Bakkie shootout 2021 – the off-road test

By: CAR magazine

Necessary roughness – No one was left floundering in the quarry exactly but with the technicality dealt with, it was time to put the theory from our axle-twist test into practice and evaluate each bakkie off-road with a spirited bout of bonnet-meets-horizon adventuring on the same prescribed route at Klipbokkop. As we reached the start of the sandpit, all the vehicles’ tyre pressures were equalised to 1,0 bar to eliminate any advantage the bakkies with more aggressive A/T tyres might have, namely the Isuzu D-Max wearing OE-approved General Tire Grabbers.

Popping their on-the-fly four-wheel-drive systems into 4L, the JAC and Mahindra are solid, capable off-roaders when driven in isolation. They rarely struggled on the course, however, tested back to back with the others did reveal a harsher, less-resolved ride quality over rougher sections. Although, it is worth noting the JAC 2,0 CTI is a pre-launch test mule and the Mahindra Pik Up supplied to us had done considerably more mileage than the others here at over 30 000 km.

Many expected the city-slicker GWM and Mazda to be completely out of their depth in the rough stuff but both surprised with their traction and pulling power. Only body control was found wanting over bigger undulations that tested the front and rear clearances; the GWM was too loose and bouncy and occasionally bottomed out, and the Mazda erred on the side of firm and crashy (almost as if the tyres were overinflated … which they were not). The Navara impressed with a pliant ride and excellent wheel travel. However, Gerhard and few other testers noted its expansive bonnet did make it difficult to place as accurately as others on the off-road course.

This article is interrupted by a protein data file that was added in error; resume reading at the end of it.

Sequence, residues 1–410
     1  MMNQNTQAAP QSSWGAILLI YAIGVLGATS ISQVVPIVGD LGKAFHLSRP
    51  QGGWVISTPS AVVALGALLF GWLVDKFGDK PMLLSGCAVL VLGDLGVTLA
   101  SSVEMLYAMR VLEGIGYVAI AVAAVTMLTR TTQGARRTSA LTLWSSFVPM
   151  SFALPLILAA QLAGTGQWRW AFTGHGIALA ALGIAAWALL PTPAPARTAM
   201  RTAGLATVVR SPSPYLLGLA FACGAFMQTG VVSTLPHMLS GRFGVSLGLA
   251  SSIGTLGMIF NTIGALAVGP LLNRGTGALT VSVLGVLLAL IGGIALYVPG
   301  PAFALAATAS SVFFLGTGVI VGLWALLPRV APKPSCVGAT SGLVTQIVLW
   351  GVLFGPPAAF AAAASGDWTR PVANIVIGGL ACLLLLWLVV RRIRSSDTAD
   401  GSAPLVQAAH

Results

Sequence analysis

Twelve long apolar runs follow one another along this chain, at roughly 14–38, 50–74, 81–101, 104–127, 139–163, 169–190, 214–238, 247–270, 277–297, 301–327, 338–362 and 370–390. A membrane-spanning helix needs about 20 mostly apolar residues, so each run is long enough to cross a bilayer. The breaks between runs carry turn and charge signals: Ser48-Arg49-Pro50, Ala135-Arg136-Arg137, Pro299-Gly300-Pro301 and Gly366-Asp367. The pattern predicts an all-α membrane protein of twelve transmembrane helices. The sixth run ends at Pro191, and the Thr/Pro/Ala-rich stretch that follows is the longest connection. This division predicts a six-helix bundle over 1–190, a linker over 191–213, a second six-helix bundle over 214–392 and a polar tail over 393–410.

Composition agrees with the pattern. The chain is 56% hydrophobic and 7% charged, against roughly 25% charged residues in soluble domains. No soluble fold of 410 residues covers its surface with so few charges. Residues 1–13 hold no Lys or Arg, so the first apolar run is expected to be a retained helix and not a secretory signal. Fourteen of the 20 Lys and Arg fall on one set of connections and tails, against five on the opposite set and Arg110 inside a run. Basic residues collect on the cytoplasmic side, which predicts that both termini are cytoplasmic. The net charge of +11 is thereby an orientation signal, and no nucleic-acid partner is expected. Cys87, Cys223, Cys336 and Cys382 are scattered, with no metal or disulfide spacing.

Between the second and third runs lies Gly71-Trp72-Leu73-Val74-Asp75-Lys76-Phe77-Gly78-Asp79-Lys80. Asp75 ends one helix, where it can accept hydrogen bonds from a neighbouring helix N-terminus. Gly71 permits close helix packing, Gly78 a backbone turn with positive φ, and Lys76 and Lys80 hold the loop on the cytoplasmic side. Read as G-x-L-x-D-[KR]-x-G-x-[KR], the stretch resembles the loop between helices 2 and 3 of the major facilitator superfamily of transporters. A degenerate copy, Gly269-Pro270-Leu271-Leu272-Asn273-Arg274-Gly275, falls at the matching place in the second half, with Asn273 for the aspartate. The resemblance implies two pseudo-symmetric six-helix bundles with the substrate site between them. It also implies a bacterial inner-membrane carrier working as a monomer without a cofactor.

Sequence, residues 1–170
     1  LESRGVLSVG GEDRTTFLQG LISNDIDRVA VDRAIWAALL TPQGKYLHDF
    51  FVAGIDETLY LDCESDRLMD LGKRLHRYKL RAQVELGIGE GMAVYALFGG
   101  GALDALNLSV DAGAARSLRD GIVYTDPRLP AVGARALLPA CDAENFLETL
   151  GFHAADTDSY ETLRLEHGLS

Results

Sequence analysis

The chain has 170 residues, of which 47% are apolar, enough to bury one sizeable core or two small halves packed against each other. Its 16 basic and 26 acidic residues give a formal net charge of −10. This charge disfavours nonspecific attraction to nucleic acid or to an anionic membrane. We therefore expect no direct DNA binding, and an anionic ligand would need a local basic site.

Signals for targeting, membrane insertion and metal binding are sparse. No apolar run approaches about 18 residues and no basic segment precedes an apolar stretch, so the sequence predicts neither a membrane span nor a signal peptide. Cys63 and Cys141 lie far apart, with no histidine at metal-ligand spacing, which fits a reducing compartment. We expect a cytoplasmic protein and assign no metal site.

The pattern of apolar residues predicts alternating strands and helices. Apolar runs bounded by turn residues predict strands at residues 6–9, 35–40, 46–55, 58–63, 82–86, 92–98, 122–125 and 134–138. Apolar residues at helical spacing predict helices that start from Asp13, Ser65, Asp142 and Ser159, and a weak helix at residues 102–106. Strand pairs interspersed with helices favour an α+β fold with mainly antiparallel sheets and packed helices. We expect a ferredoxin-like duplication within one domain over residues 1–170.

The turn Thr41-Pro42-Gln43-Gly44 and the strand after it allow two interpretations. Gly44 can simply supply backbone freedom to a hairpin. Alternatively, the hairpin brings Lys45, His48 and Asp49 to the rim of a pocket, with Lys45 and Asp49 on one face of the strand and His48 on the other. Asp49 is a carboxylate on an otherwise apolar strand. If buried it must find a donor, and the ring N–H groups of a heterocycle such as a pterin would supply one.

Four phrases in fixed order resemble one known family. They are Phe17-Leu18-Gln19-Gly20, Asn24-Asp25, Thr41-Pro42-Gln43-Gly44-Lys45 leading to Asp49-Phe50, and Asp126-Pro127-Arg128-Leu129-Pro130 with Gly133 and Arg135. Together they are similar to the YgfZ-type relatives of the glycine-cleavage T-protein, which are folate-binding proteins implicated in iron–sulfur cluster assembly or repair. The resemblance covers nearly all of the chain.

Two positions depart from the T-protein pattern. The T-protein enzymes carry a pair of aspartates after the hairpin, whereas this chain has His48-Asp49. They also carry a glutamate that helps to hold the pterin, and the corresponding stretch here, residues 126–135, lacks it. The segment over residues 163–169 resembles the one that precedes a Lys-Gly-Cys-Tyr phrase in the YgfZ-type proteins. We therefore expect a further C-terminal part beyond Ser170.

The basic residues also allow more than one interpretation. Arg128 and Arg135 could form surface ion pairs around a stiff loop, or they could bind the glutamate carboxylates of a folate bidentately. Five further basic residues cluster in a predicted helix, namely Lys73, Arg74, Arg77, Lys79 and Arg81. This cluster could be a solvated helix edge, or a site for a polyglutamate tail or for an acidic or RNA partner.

The Amarok bullied its way through the sand with its immense power and torque, merely requiring more throttle input to overcome any lack of traction owing to it not having a low-range transfer case. Gerhard did mark it down for having to spin its wheels occasionally before the vehicle’s electronics could reapportion drive, and for not having any easily accessible recovery points. The BT-50 and T8 were also marked down for their lack of recovery points.

From there, we’re into the top performers off-road. What is illuminating is how much more pliant the Ranger and Triton were over the same tough stretch, showing better wheel travel, more consistent grip and stable power delivery than those ranked below. They feel robust, more substantial, with improved noise, vibration and harshness (NVH) suppression over undulating tracks, which owners will surely appreciate out in the bush. They did not put a foot wrong … but there were two that outshone them.

The Isuzu D-Max – in combination with its excellent General Grabbers no doubt – felt light and nimble and was a joy to drive on the sand, utilising its seemingly modest power output to maximum effect. Being one of the lightest and most compact bakkies ensured it made easy work of all obstacles.

When it comes to heavy-duty 4x4ing and all the elements that matter – wheel articulation, steering accuracy, linear power delivery, tyre grip and chassis rigidity – the Toyota Hilux is in a class above. The other nine displayed surefootedness in the sand but the Toyota led the convoy, picking out the best routes because that’s just what a Hilux does.

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